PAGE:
The Rise of the 15-Year Mortgage

by Emily Guy Birken on February 25, 2013

15 Year Mortgage

The 30-year fixed rate mortgage has long been the standard loan term for homebuyers, and for many good reasons. A 30-year loan helps to keep monthly mortgage payments lower, keeping home ownership (and larger homes) within reach of the average homebuyer. And for years, the slight interest rate improvement offered by the 15-year mortgage was not enough enticement for borrowers to take on the higher monthly payments.

But with interest rates at record lows, the 15-year mortgage is becoming an incredibly attractive option, both for new buyers and refinancers. Here are some reasons why you might want to break with tradition and consider taking on a 15-year mortgage:

Fixed rates for 15-year mortgages averaged 2.81% in December 2012

Not only is this a rock-bottom rate no matter how you slice it, it’s also significantly better than the average rate of 3.44% for 30-year mortgages (which itself is nothing to sneeze at). According to AnnaMaria Andriotis of Yahoo Finance, “that 0.63-percentage point spread is wide compared with historical figures.” Prior to the housing crisis, most borrowers could expect no more than a 0.3% improvement by taking a 15-year mortgage.

Owning your home in half the time seriously lowers your interest payments

If you were to borrow $150,000 at 3.44% for 30 years, you would end up paying nearly $241,000 total, with over $90,000 in interest. On the other hand, if you were to take a 15-year loan at 2.81%, you’d only pay $184,000 total with $34,000 going to interest.

Granted, your monthly payment would go up from $670 to $1020, but finding an additional $350 per month would be worth it in order to save $55,000 in interest.

Refinancing to a 15-year mortgage can help your bottom line now and in the future

The big drawback to a 15-year mortgage is that higher monthly payment, but depending on their circumstances, homeowners who refinance a 30-year into a 15-year mortgage can have the best of both worlds. Those borrowers who have been paying down their 30-year loan for a few years may find that today’s low rates mean that they can keep a similar monthly payment with all the benefits of a shorter loan term and a lower rate.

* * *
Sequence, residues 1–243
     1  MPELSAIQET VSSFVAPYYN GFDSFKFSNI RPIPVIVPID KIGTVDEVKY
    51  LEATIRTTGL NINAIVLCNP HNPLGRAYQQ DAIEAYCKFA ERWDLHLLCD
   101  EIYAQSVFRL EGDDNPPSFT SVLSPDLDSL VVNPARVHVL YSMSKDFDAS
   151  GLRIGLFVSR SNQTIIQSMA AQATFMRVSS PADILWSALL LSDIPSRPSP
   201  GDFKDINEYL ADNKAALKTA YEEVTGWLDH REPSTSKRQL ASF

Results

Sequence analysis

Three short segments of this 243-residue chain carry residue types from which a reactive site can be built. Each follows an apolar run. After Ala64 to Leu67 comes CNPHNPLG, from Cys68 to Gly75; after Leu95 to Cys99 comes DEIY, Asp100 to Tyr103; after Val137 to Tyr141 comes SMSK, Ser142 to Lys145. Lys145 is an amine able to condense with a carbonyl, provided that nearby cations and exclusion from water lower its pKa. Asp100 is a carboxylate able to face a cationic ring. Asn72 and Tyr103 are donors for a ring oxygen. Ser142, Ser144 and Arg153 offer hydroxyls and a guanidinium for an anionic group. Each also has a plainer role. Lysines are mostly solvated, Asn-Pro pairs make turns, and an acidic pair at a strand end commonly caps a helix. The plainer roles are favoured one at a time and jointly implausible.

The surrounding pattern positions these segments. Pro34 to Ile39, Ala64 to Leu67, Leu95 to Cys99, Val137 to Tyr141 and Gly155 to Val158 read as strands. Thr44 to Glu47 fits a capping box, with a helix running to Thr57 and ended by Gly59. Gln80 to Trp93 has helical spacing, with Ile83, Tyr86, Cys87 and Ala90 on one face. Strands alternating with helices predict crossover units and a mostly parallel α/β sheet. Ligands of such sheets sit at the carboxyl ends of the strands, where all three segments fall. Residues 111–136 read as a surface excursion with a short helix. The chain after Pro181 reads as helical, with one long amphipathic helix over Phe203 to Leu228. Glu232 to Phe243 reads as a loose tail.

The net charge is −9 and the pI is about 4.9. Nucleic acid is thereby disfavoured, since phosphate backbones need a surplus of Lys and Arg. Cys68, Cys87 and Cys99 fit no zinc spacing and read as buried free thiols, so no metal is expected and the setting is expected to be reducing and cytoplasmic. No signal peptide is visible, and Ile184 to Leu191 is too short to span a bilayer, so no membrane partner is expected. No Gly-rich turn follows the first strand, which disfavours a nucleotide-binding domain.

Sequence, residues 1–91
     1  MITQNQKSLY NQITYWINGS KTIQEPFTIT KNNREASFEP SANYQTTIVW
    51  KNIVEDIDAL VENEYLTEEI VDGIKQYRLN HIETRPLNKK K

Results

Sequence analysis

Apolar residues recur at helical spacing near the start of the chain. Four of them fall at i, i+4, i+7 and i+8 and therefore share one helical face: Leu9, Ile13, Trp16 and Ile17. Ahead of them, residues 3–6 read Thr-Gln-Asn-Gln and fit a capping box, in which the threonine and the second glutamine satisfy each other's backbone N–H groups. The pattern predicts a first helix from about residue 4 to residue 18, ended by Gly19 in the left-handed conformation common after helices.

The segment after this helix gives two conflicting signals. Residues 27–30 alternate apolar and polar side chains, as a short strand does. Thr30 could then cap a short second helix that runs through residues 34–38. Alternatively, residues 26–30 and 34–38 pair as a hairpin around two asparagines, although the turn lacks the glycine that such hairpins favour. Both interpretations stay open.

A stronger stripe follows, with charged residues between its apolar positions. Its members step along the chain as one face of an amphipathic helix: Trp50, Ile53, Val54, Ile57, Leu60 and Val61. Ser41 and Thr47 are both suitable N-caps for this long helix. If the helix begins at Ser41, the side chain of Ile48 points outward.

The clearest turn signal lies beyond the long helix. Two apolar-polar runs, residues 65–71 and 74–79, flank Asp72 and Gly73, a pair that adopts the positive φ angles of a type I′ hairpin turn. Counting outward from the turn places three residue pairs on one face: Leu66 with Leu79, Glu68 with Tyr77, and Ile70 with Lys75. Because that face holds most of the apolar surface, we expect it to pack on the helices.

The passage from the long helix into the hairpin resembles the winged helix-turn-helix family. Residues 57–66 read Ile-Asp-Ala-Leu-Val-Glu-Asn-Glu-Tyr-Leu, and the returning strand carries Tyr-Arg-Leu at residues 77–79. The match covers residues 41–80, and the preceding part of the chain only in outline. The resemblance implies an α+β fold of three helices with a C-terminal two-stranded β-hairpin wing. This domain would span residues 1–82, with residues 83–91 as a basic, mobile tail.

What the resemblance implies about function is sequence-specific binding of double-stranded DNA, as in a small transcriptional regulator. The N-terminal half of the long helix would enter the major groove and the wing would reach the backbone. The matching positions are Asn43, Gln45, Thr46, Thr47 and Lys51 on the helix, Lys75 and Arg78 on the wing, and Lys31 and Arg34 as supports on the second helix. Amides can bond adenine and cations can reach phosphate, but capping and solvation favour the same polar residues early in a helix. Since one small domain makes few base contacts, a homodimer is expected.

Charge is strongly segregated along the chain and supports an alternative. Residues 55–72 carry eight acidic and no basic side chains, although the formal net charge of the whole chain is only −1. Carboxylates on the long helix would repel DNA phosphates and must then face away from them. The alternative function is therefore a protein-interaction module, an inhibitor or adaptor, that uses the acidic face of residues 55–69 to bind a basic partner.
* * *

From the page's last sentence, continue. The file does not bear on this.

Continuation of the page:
For example, a borrower who took on a $150,000 30-year mortgage in January of 2004 with a rate of 5.75% would have a monthly payment of around $875. If she were to refinance her current balance of approximately $125,000 with a 2.81% rate for 15 years, her payment would actually be reduced to $850. So not only would this free up some money in each month’s budget (thereby really helping to offset the refinancing closing costs), it would also mean she’d own her home six years earlier and pay a great deal less in interest overall.

The Bottom Line

While 15-year mortgages are gaining popularity, 30-year mortgages still make up more than 80% of the loans for new home purchases. It’s clear that the advantages of the 15-year term do not necessarily outweigh the costs for all homebuyers and refinancers. However, if you have good credit and the ability to take on a higher monthly payment, a 15-year mortgage just makes sense.

How many of you have or are thinking about going to a 15 year mortgage?

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Emily Guy Birken

Emily Guy Birken is a freelance writer and stay-at-home mom who is passionate about personal finance. She lives in Lafayette, Indiana with her mechanical engineer husband and her toddler son. She blogs about parenting at The SAHMnambulist and about the funny side of money at Live Like a Mensch.
  • Nick @